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Thursday, March 2, 2017

Fallen on deaf ears


Example 1:


The Center for Disease Control and Prevention has been warning people for years: smoking cigarettes is bad for your health. Beginning in 1965, the CDC required that warning labels be placed in small letters on the side of every package of cigarettes sold in the U.S. These warning labels read, "Caution: Cigarette Smoking May Be Hazardous to Your Health." The CDC updated its policy steadily from then and by 1981 had announced to the public that cigarette smoking did indeed cause cancer and other terrible conditions. However, these warnings have largely fallen on deaf ears, as young people continue to try cigarettes and begin to smoke regularly despite the mounting evidence of its risk. 




Example 2:

Julia: Hey, Becky. I'm having a problem with my boyfriend. I need your advice. 
Becky: I don't think so, Julia. I would really love to help you, but we've been through this so many times with all of your past boyfriends. Every other time you've come to me for advice, it just falls on deaf ears
Julia: That's not true! I listen to your advice as take it but the same things keep happening with each new boyfriend I have. They are always so jealous of my ex-boyfriends even though we've broken up.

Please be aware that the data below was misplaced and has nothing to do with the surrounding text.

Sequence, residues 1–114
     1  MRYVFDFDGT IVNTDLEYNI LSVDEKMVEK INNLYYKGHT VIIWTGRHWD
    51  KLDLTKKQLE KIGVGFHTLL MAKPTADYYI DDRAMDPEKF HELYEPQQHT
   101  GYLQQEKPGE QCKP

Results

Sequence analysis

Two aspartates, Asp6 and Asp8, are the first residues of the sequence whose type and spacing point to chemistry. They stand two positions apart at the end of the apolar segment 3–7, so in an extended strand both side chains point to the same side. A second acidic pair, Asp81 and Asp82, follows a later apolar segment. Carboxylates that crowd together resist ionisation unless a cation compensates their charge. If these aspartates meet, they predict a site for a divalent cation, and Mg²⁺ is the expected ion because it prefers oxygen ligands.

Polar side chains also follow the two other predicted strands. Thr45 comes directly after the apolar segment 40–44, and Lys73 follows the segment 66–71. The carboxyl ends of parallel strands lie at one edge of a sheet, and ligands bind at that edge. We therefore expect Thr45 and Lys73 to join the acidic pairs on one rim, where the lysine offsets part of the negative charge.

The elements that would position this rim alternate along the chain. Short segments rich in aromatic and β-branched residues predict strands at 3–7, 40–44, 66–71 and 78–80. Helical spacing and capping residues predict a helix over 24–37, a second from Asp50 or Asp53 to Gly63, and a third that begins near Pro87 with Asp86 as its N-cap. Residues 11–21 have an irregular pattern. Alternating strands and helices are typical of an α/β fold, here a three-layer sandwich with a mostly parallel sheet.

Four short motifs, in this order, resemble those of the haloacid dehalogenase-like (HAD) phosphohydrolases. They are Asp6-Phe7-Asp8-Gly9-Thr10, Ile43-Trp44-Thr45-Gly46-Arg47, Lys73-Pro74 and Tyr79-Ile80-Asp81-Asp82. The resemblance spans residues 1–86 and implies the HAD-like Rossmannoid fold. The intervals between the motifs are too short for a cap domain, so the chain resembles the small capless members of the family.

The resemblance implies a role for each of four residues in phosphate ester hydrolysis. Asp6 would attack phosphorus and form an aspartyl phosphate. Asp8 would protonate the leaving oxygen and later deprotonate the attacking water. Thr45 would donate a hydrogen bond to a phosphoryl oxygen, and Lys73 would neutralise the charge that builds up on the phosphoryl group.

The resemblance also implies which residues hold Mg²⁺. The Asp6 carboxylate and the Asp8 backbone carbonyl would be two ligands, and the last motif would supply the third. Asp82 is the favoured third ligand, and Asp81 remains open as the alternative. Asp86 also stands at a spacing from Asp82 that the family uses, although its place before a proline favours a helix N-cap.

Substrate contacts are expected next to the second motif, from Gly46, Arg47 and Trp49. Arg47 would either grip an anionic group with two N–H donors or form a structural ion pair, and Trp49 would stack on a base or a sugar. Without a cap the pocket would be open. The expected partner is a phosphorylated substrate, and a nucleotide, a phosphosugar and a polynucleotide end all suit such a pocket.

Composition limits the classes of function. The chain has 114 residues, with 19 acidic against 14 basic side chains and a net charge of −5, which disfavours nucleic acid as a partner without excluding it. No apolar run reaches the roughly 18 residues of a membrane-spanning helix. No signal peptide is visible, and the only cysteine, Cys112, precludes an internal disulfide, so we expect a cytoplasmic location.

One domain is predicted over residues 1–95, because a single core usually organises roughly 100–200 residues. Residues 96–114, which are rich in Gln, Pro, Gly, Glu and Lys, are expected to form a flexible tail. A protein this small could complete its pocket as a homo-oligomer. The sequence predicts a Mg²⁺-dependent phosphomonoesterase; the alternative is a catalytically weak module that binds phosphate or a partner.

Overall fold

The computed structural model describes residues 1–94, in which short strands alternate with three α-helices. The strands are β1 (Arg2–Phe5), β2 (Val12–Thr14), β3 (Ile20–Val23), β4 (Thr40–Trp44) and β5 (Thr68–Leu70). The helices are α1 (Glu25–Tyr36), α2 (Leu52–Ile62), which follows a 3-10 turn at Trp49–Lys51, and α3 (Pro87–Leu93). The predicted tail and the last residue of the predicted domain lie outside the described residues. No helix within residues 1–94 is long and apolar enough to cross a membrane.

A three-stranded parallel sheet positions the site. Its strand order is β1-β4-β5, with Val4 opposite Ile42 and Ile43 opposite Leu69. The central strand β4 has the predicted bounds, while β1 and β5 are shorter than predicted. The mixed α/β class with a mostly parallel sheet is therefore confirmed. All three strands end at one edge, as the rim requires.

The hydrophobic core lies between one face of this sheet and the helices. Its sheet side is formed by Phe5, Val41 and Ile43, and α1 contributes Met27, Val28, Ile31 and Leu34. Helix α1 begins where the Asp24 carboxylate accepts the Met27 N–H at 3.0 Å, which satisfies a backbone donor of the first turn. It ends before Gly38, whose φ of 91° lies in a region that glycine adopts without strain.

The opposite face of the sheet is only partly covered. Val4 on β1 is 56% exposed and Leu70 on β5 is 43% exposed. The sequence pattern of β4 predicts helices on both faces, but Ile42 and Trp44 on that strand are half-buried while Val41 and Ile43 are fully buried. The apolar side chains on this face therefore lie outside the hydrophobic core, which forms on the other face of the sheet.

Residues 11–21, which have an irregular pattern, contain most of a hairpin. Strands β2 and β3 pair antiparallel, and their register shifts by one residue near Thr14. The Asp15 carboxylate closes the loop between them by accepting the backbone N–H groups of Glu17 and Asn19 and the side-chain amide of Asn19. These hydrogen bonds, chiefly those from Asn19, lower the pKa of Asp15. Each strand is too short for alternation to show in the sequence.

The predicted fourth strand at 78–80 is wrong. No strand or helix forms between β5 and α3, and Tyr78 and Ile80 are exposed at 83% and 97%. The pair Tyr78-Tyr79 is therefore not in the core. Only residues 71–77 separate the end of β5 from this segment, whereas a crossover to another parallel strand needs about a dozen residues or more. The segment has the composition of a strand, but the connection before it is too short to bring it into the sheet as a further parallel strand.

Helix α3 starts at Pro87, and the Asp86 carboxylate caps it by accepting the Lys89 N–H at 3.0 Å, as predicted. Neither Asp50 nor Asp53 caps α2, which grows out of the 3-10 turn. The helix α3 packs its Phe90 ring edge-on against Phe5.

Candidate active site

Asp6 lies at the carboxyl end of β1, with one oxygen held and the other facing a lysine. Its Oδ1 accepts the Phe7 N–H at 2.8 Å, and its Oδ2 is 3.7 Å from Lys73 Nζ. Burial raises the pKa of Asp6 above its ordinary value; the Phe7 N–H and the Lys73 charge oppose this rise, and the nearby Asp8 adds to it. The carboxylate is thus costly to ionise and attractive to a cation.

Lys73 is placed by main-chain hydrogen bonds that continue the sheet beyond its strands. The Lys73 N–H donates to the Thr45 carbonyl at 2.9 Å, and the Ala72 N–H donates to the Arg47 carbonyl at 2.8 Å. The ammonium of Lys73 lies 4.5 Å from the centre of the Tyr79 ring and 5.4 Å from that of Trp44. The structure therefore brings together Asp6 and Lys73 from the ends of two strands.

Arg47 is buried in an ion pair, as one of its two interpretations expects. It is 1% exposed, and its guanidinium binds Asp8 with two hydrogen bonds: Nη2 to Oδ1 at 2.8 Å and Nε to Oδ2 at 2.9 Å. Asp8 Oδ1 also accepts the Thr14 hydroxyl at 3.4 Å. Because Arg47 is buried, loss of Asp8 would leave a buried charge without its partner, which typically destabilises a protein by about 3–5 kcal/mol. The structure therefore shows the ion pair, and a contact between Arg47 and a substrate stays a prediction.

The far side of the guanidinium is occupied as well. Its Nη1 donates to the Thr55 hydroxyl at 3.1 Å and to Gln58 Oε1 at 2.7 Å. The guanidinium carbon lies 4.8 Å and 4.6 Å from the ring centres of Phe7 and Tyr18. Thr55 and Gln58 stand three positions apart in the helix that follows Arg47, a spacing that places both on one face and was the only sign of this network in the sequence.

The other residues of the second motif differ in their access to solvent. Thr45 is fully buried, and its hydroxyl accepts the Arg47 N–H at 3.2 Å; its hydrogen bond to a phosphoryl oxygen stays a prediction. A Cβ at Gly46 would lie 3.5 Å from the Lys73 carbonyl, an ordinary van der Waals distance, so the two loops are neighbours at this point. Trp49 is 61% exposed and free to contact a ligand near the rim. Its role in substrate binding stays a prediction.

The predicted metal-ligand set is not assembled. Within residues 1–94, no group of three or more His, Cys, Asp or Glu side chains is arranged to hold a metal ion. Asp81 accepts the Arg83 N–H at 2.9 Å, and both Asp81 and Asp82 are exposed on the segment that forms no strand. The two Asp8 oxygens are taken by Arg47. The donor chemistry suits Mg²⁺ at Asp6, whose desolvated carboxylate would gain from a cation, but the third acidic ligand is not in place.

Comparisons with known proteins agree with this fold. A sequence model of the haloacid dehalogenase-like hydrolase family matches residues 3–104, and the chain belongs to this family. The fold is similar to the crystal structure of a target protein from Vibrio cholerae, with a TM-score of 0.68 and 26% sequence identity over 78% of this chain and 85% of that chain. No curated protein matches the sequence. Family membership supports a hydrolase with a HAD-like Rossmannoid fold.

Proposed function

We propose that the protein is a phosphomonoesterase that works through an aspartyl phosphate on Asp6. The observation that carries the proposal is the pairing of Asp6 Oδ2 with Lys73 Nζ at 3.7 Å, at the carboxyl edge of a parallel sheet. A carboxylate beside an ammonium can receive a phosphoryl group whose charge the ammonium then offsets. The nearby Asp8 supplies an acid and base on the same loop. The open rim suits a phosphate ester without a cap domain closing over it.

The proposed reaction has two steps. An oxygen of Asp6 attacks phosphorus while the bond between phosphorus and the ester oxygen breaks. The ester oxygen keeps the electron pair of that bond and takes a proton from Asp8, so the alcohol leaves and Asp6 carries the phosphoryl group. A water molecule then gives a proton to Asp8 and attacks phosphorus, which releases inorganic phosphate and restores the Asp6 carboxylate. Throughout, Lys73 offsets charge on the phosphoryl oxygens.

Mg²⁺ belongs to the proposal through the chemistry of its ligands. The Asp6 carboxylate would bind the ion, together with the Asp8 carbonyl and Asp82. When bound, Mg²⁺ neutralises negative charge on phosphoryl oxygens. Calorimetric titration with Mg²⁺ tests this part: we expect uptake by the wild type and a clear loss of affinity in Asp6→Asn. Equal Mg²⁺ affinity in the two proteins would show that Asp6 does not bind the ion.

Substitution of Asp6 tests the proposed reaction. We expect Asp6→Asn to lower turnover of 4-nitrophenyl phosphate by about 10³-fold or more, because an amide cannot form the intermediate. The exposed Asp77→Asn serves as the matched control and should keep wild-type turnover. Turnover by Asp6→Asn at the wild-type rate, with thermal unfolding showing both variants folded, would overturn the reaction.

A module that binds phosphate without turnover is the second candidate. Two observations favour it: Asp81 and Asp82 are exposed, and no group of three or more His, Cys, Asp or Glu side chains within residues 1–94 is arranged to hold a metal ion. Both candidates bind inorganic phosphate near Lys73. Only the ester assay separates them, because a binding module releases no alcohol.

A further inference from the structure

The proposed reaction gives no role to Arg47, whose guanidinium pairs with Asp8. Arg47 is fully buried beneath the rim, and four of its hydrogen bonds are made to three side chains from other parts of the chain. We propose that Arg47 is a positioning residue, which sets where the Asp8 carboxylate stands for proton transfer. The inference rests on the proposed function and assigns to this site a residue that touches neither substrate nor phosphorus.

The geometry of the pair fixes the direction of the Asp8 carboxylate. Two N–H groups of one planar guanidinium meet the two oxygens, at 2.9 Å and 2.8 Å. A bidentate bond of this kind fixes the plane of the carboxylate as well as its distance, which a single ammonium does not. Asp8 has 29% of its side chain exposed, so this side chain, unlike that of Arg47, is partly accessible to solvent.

Becky: Well, if you can remember, my advice is usually to stay single for a while in between relationships. You need time to get over one guy before you get involved with the next one. That might help you avoid this recurring problem.
Julia: Hmm, maybe you're right. I think I have to break up with my boyfriend. It's not working out and there's this cute new guy in my physics class that I've been talking to....
Becky: See what I mean?! You can't be helped!

Explanation: 
 to fall on deaf ears is an expression that is used when warnings or advice are ignored by the person/people receiving it. 
In example 1, the advice from the CDC falls on deaf ears because people continue to smoke cigarettes despite scientific evidence of its harm.
In example 2, Becky does not want to give Julia advice anymore because Julia never takes it and continues making the same mistakes.

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2 comments:

  1. Thanks for sharing, guys ... A great expression ... Our US coach here sometimes uses phrases like 'go in one ear and out the other' or 'go unheeded' when our minds are wandering in class ... Can we use these expressions to express the same idea? ... Oh, btw, what did you mean by ' ... listen to your advice as take it' in Example 2? ... We've been racking our brains about it for hours but failed to come to anything that makes sense ... maybe we're just plain stupid :)) ...

    We love you ...

    Your Russian fans
    Moscow

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    1. Hello! Fall on deaf ears, go in one ear and out the other or go unheeded mean what was said was ignored. They are basically the same.
      Julia never "takes it" means that Julia never takes (or acts on) Becky's advice. Basically, Julia ignores Becky's advice (from example 2). Another example "The child didn't take his mother's advice and went out in the snow without a jacket. Then, he got sick." Thank you!

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